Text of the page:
“The action is nonstop, the characters very real—and very different from each other—and, to coin a phrase, it makes you think.”—S. M. Stirling, author of Island in the Sea of Time
In the year 2021, a multinational fleet—experimenting with untested weapons technology—pitched through time, crash-landing in 1942. The world is thrown into chaos as Roosevelt, Hitler, Churchill, Tojo, and Stalin scramble to adapt to new, high-tech killing tools, and twenty-first-century ways of war.
For “uptimers” like Britain’s Prince Harry and the men and women who serve aboard the supercarrier USS Hillary Clinton, war is a constant struggle with their own downtime allies, who are mired in ignorance and bigotry.
As the Allies counter the Nazi assault and set off for the coast of France, Japan begins to buckle, soon every battle will be played out in a lethal dance of might and intelligence, unholy alliances and desperate gambles, and each clash will be fought with the ultimate weapon; knowledge from the future.
Thanks to the historical records, all sides know that two superpowers will emerge while the losers will be pounded into submission. But time has shifted on its axis, so none know who will survive or how peace will take hold in a world turned upside down. These are the questions that John Birmingham brilliantly answers in his critically acclaimed adventure of war and imagination.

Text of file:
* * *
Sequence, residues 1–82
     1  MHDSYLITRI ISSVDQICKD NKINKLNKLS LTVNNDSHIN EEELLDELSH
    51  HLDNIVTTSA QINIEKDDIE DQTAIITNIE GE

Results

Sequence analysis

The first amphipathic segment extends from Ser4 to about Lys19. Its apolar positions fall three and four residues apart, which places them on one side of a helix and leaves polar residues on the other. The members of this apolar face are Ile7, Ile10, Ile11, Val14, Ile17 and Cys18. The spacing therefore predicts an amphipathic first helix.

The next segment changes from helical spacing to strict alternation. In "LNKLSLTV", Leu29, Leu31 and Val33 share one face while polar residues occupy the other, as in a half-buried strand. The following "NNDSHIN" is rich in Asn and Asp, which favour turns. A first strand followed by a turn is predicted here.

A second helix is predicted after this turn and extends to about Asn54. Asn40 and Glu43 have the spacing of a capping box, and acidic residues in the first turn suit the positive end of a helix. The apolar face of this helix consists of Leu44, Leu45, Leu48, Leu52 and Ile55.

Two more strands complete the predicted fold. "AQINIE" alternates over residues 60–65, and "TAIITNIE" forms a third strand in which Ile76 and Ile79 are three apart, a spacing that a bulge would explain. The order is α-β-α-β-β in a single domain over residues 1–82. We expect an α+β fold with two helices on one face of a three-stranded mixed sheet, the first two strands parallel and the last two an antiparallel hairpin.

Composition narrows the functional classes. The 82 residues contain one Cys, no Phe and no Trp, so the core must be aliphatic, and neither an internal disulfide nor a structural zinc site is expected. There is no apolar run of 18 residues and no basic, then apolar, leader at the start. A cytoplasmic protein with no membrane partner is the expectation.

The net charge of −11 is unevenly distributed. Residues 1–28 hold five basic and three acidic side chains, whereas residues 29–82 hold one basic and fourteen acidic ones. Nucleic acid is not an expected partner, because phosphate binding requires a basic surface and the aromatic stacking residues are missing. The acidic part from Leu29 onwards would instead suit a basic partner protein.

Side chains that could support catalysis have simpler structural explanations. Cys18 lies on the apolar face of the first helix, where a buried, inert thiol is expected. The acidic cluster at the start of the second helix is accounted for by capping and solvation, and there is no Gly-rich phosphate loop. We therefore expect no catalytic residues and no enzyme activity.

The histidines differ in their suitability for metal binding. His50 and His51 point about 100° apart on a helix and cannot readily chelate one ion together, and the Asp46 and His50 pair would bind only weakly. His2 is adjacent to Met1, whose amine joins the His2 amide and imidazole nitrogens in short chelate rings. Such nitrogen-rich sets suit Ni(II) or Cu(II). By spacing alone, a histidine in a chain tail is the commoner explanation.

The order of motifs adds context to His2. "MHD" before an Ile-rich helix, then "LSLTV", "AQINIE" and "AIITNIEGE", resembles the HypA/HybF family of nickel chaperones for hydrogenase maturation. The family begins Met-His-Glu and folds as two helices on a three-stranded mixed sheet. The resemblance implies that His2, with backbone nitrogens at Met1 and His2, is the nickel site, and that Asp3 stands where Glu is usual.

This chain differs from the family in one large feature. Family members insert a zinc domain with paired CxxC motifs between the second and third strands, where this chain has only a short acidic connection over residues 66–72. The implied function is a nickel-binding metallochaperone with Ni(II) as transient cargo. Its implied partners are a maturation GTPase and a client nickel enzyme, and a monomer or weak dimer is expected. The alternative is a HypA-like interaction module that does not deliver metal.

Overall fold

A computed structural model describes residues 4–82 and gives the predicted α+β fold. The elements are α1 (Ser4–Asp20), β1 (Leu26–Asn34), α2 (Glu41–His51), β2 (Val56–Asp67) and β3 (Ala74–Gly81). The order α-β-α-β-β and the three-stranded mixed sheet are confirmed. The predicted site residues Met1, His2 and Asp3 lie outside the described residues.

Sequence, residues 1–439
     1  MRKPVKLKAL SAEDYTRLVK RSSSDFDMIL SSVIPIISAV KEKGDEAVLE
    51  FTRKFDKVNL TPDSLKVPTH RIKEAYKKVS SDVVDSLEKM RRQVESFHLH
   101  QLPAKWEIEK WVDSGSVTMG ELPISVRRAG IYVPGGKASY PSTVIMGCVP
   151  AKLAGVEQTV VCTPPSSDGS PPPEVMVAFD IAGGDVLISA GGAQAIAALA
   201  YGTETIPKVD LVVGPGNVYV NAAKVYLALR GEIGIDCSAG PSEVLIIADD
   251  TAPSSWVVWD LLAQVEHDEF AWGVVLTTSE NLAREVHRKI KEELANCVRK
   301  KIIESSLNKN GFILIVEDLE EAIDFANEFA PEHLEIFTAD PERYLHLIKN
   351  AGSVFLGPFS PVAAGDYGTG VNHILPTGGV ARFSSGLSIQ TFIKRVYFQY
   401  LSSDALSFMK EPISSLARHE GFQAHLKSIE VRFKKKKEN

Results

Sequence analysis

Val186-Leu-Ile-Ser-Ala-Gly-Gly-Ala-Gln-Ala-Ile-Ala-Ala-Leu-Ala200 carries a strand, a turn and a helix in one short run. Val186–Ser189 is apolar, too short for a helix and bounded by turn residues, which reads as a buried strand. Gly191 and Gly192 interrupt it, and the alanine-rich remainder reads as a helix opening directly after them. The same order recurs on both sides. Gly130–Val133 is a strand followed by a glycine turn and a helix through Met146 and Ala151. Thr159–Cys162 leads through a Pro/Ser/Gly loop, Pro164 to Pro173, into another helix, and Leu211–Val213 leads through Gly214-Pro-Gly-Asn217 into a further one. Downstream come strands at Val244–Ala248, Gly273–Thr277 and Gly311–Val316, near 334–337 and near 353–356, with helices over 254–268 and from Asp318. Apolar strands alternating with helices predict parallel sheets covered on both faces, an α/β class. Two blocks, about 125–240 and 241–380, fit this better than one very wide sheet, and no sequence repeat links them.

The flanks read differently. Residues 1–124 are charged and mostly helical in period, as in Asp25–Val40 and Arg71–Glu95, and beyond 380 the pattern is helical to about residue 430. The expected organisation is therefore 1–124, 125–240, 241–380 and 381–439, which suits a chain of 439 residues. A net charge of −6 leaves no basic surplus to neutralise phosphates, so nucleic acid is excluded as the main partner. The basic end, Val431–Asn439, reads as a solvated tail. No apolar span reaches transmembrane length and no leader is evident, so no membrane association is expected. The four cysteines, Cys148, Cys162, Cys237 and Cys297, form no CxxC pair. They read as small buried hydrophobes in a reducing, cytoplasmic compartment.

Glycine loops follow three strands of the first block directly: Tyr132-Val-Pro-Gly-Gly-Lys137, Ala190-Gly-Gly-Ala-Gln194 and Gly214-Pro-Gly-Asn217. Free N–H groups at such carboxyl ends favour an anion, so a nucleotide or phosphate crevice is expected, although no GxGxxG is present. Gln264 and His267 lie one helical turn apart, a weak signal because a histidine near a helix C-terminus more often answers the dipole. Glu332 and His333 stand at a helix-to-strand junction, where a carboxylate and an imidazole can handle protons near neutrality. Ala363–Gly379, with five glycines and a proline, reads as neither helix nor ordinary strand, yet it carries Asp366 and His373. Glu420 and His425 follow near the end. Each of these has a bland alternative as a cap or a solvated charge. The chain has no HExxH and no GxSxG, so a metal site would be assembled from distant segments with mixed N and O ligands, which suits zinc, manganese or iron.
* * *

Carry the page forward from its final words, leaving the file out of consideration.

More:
The eagerly awaited conclusion to Birmingham's popular Axis of Time trilogy (after Designated Targets and Weapons of Choice) deftly explores how a temporally displaced 21st-century naval battle group changes the outcome of WWII, both militarily and socially. In 1944, the Germans and the Japanese may be close to developing an atom bomb, while the swift Russian advance in the east threatens to engulf all of Europe. Admiral Kolhammer and his future warriors, veterans of 20 or so years of the war on terror, can be just as ruthless as the Axis. How the social changes inspired by Southern California's multicultural "zone" will fare in the face of opposition from the followers of the outed (and self-slain) J. Edgar Hoover remains an open question. Since the western Allies are left facing a Soviet Union that refuses to accept the judgment of history, it's clear that the author has the makings for a sequel. Alternate history fans can only hope Kolhammer and crew will soon be back.